In 1642, Hobbes released De Cive, his first published book of political philosophy. The book focuses more narrowly on the political (comprising sections titled "Liberty," "Empire" and "Religion") and was, as previously noted, conceived as part of a larger work (Elements of Philosophy). Although it was to be the third book in Elements, Hobbes wrote it first to address the particularly relevant civil unrest roiling in England at the time. Parts of the work anticipate the better-known Leviathan, which would come nine years later.
While still in Paris, Hobbes began work on what would become his magnum opus and one of the most influential books ever written: Leviathan, or The Matter, Forme and Power of a Common Wealth Ecclesiastical and Civil (usually referred to as simply Leviathan). Leviathan ranks high as an essential Western treatise on statecraft, on par with Machiavelli's The Prince.
In Leviathan, written during the English Civil Wars (1642-1651), Hobbes argues for the necessity and natural evolution of the social contract, a social construct in which individuals mutually unite into political societies, agreeing to abide by common rules and accept resultant duties to protect themselves and one another from whatever might come otherwise. He also advocates rule by an absolute sovereign, saying that chaos--and other situations identified with a "state of nature" (a pre-government state in which individuals' actions are bound only by those individuals' desires and restraints)--could be averted only by a strong central government, one with the power of the biblical Leviathan (a sea creature), which would protect people from their own selfishness. He also warned of "the war of all against all" (Bellum omnium contra omnes), a motto that went on to greater fame and represented Hobbes' view of humanity without government.
As Hobbes lays out his thoughts on the foundation of states and legitimate government, he does it methodically: The state is created by humans, so he first describes human nature. He says that in each of us can be found a representation of general humanity and that all acts are ultimately self-serving--that in a state of nature, humans would behave completely selfishly. He concludes that humanity's natural condition is a state of perpetual war, fear and amorality, and that only government can hold a society together.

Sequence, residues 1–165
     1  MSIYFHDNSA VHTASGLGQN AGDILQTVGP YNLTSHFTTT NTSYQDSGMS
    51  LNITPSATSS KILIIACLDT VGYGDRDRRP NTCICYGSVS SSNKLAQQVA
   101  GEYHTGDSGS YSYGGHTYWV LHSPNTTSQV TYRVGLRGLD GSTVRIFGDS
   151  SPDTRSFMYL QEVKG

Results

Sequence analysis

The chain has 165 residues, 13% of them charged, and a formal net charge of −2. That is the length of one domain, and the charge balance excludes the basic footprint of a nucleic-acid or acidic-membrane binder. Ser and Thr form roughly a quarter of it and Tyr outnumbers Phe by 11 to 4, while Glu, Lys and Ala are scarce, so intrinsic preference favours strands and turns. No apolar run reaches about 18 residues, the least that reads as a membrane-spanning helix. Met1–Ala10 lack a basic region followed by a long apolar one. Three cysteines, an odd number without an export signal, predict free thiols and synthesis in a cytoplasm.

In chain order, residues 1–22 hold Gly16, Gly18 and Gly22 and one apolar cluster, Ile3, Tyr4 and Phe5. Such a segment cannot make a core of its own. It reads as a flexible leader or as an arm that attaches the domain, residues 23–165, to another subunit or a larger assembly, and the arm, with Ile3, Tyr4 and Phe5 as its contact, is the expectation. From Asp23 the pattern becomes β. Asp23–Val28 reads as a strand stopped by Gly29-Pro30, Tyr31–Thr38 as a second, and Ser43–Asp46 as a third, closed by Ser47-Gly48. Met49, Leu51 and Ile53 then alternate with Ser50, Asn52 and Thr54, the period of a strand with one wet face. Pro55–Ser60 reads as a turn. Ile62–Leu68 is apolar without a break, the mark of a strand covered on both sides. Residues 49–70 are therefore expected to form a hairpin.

Later Years and Death
After his return to England in 1651, Hobbes continued to write. De Corpore was published in 1655, and De Homine was published in 1658, completing the Elements of Philosophy trilogy. In his later years, Hobbes turned his attention to a boyhood favorite--classics--publishing translations of Homer's The Odyssey and The Iliad.
Hugely influential, Hobbes' ideas form the building blocks of nearly all Western political thought, including the right of the individual, the importance of republican government, and the idea that acts are allowed if they are not expressly forbidden. The historical importance of his political philosophy cannot be overstated, as it went on to influence the likes of John Locke, Jean-Jacques Rousseau and Immanuel Kant, to name a few.
Hobbes died on December 4, 1679.